Editor’s Note: Hunter’s Specialties tries to keep hunters abreast of not only the latest hunting tactics, but also the future of hunting. Currently biologists across the U.S. have seen a tremendous growth in the sport of feral hog hunting and in the need for controlling feral hog populations.
If you don’t have ‘em, you’re about to get ‘em. And, once you get ‘em, you’re going to wish you didn’t have ‘em. Then, when you try to get rid of ‘em, you’re going to find that you’re in a long, hard battle that you never may win. According to Dr. Steve Ditchkoff, professor of wildlife sciences at Auburn University in Auburn, Alabama, “Wild pigs are rapidly becoming one of the most serious threats to native ecosystems in North America. As a result, it’s imperative that a concerted effort be made to understand their effects on ecosystems. To that end, we’re bringing together researchers, managers, practitioners and policy makers to share current research results and identify knowledge gaps regarding the interaction between wild pigs and the environment.”
Ditchkoff has sounded the alarm and called researchers from all over the country together for a meeting the end of May, 2006 in Mobile, Alabama, to discuss how the scientific community can get involved in solving the rapidly growing numbers of feral hogs throughout the nation. Apparently, the only solutions found thus far are trapping and hunting. But these stop-gap methods only will keep hogs off certain lands because when hunting pressure builds up on one piece of property, the hogs will pack their bags and move to other lands.
“In the next 10 years, feral hogs will be one of the most serious wildlife problems this country has to face,” Dr. Ditchkoff reports. “The most-rapidly growing population of feral hogs in this country is in the Midwest – the Bread Basket of America. If feral hogs aren’t controlled or eliminated, we could possibly see food shortages in the future.”
But feral hogs aren’t only damaging crop lands; they’re eating everything, including amphibians and reptiles, many of which are endangered. Feral hogs also destroy domestic livestock. In a study that will be presented at the 2006 seminar, Wayne E. Stone and Walters A. Arrey report that, “We found internal organs of wild turkey embryos in three of the 16 stomachs of feral hogs that were studied. One stomach contained 12 wild turkey embryos.”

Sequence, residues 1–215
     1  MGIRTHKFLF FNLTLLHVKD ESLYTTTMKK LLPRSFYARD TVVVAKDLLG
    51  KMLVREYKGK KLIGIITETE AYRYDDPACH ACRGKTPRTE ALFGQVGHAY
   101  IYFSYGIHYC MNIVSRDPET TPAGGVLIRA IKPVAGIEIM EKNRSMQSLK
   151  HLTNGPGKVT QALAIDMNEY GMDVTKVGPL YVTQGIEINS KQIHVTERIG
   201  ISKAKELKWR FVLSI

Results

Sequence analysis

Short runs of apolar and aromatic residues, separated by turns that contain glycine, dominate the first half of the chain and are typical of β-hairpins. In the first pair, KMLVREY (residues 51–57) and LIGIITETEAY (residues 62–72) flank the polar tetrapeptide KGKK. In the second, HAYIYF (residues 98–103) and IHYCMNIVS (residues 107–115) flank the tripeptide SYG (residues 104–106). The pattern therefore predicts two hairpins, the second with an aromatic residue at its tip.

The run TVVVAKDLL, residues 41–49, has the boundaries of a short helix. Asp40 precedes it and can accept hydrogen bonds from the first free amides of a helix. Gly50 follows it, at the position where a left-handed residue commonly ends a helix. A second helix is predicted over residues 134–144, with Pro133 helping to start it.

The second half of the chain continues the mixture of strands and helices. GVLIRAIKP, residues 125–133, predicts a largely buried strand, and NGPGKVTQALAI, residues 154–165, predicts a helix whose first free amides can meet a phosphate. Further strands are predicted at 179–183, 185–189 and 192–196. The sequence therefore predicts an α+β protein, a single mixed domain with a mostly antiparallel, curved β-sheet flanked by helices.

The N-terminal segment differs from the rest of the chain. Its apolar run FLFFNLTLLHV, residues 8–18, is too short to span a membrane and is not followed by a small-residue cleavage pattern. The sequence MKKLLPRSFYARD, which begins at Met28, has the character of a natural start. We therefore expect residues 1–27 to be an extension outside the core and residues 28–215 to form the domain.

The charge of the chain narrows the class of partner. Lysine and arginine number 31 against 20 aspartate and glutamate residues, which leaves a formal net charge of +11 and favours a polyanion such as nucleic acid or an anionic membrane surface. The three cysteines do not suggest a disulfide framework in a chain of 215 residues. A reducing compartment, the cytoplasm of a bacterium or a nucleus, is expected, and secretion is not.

This finding indicates that feral hogs are also wreaking havoc on turkey nests. One of the most traumatic instances of wild hogs becoming carnivorous and preying on livestock and deer occurred at the Ford Ranch in Melvin, Texas. Texas contains roughly one-half of the feral swine in the U.S., with population estimates of 2- to 3-million head.
According to ranch manager, Forrest Armke, “Before we started our hog-eradication program, the ranch was raising goats. However, instead of having two kids per goat, we were only seeing one kid per two goats. The ranch also had a low deer population with the does only averaging about one fawn per every two does. We believed that the feral hogs were finding the young animals as soon as they were born and then killing and eating them. So, for four years we went to war with hogs. We hunted them day and night, and every freezer in our county was full of wild pigs. Finally, we got the feral hog population under control, and we saw a more-natural birth rate in the goats and the deer. Hogs are bad medicine for domestic livestock and for wildlife populations, and if you don’t control or eliminate them, they can and will cause severe economic damage.”